## delayed acceptance [alternative]

In a comment on our Accelerating Metropolis-Hastings algorithms: Delayed acceptance with prefetching paper, Philip commented that he had experimented with an alternative splitting technique retaining the right stationary measure: the idea behind his alternative acceleration is again (a) to divide the target into bits and (b) run the acceptance step by parts, towards a major reduction in computing time. The difference with our approach is to represent the  overall acceptance probability

$\min_{k=0,..,d}\left\{\prod_{j=1}^k \rho_j(\eta,\theta),1\right\}$

and, even more surprisingly than in our case, this representation remains associated with the right (posterior) target!!! Provided the ordering of the terms is random with a symmetric distribution on the permutation. This property can be directly checked via the detailed balance condition.

In a toy example, I compared the acceptance rates (acrat) for our delayed solution (letabin.R), for this alternative (letamin.R), and for a non-delayed reference (letabaz.R), when considering more and more fractured decompositions of a Bernoulli likelihood.

> system.time(source("letabin.R"))
user system elapsed
225.918 0.444 227.200
> acrat
[1] 0.3195 0.2424 0.2154 0.1917 0.1305 0.0958
> system.time(source("letamin.R"))
user system elapsed
340.677 0.512 345.389
> acrat
[1] 0.4045 0.4138 0.4194 0.4003 0.3998 0.4145
> system.time(source("letabaz.R"))
user system elapsed
49.271 0.080 49.862
> acrat
[1] 0.6078 0.6068 0.6103 0.6086 0.6040 0.6158


A very interesting outcome since the acceptance rate does not change with the number of terms in the decomposition for the alternative delayed acceptance method… Even though it logically takes longer than our solution. However, the drawback is that detailed balance implies picking the order at random, hence loosing on the gain in computing the cheap terms first. If reversibility could be bypassed, then this alternative would definitely get very appealing!

### 5 Responses to “delayed acceptance [alternative]”

1. Hi again, one more comment (not specifically related to yesterday’s comment). The motivation behind the acceptance probability min_{k=0,..,d}{prod_{j=1:k} rho_j,1} is a dynamic decision process to boost (acceptance rate) /(# of computed factors). Roughly speaking, you want to reject the current proposal as soon as you think the current proposal is less likely to be accepted than the next proposal. The above acceptance probability is as close as I could get to that criterion while still satisfying detailed balance.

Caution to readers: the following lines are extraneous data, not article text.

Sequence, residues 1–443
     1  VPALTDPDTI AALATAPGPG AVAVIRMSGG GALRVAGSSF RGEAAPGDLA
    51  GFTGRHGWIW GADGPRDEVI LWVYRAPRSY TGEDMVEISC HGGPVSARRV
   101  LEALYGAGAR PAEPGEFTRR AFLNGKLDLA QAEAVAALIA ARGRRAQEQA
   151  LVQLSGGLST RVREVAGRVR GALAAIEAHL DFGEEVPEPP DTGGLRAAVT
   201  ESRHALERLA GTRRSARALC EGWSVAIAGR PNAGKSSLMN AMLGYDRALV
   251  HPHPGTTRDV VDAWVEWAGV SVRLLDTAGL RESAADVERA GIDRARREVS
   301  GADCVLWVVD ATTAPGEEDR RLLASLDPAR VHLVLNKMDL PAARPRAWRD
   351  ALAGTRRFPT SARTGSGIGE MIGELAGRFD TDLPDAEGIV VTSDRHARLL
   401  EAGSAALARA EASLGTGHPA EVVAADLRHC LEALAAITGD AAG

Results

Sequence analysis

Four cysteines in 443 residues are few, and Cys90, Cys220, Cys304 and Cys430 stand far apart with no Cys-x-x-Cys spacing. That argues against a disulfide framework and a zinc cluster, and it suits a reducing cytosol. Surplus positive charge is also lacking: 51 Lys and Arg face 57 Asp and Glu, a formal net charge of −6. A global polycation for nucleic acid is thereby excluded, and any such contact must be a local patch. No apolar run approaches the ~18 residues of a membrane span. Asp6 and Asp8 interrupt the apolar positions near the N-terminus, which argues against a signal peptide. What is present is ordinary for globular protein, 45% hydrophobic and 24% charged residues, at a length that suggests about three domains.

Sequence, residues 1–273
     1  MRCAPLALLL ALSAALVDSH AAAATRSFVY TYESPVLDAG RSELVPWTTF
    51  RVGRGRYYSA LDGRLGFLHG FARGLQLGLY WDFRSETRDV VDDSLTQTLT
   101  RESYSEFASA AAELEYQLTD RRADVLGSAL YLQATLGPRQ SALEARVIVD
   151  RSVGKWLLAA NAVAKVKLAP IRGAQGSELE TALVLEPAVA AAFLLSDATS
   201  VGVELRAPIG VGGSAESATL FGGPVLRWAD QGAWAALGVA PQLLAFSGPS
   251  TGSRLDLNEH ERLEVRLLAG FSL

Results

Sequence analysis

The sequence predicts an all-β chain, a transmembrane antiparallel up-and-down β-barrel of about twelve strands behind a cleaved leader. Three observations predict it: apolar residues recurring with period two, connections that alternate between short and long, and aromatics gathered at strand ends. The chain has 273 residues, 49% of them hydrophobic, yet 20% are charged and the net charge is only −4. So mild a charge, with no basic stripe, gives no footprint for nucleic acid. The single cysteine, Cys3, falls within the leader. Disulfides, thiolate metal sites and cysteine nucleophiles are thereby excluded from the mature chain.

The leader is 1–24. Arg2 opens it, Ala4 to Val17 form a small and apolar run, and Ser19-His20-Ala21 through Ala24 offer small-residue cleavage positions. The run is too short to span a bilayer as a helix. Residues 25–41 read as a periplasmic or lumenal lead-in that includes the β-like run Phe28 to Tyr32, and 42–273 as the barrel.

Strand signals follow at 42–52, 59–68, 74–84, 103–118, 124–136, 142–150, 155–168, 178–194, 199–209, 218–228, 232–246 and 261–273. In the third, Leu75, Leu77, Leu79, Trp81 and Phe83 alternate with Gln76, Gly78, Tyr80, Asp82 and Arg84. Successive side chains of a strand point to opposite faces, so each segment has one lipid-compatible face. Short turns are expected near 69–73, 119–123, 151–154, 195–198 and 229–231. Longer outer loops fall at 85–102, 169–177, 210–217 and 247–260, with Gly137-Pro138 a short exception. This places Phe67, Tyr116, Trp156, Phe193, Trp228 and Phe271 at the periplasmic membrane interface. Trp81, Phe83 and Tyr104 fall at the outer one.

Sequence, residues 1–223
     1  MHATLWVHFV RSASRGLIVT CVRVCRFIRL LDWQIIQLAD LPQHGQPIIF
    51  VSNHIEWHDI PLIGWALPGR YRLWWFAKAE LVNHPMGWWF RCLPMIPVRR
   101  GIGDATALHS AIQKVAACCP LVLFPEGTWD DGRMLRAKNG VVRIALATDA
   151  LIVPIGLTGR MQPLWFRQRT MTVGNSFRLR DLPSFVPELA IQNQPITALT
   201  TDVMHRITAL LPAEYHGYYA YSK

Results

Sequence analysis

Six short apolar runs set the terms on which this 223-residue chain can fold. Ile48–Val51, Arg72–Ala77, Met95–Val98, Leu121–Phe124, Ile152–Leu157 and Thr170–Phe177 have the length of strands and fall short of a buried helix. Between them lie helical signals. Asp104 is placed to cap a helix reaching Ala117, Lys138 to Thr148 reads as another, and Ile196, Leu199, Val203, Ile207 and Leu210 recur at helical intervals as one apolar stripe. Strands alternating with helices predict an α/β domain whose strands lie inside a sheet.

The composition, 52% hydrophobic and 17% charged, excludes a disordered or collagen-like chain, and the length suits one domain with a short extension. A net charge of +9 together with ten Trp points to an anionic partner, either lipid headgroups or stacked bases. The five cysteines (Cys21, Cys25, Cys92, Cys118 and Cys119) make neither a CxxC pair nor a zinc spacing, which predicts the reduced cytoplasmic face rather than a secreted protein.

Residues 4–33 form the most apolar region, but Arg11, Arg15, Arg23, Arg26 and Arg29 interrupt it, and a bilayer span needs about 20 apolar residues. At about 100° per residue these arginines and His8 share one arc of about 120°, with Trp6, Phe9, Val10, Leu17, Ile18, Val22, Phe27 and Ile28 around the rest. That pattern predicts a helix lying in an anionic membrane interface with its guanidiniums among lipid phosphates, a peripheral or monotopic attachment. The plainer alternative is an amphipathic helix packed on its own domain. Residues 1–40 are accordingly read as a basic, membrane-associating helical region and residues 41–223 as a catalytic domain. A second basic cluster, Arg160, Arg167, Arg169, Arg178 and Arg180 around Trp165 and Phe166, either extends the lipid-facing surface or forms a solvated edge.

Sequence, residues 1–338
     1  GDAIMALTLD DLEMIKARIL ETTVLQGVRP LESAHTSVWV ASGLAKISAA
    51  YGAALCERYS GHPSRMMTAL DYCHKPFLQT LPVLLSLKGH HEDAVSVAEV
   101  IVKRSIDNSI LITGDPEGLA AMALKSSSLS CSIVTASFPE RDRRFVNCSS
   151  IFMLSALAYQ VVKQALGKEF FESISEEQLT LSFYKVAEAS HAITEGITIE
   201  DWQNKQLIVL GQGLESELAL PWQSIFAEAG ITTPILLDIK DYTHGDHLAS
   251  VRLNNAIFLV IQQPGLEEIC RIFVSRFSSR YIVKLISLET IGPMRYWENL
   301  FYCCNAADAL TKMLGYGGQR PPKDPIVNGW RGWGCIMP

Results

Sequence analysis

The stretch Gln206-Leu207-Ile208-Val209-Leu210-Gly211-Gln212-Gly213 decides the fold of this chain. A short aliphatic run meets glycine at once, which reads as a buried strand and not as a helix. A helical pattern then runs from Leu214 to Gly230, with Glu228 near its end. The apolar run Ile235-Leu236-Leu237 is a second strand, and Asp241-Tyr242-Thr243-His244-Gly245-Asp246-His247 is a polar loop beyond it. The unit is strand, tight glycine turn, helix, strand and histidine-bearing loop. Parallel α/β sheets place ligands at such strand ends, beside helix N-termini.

Thanks again for revisiting this!
Philip

• Thanks again. We are currently revising the paper towards submitting to a new journal and we will include references to your solution. Can you please let me know how you would like to be quoted on this?

2. Just remembered the algebra that combines the approaches!
In the decomposition, let the rho_i (i=1:c) be the cheap factors to compute, phi_i (i=1:d) be the expensive factors. I.e., [pi*q(theta->eta)]/pi*q(eta->theta)]= [Prod{rho}]*[Prod{phi}].
Take as acceptance probability:
min_(j=1:c){1,Prod_(i=1:j){rho_i}} * min_(k=1:d){1,Prod_(i=1:k){phi_i}}. You get to compute the cheap terms first, expensive terms last, but there is still a symmetry requirement on ordering of the set of cheap terms, and a symmetry requirement on the set of expensive terms. I have algebra that (appears to) confirm that this satisfies detailed balance, but it is too cumbersome to type here.
Cheers,
Philip

• Thank you Philip. Without checking anything yet (!), I am surprised at managing to keep the cheap versus expensive separation and yet achieving detailed balance.

3. I’m glad I spotted this post in your archives! I played around with some algebra that suggests the two splitting techniques can be combined. Hopefully, when I get home from work I can try to recall that algebra :)

This site uses Akismet to reduce spam. Learn how your comment data is processed.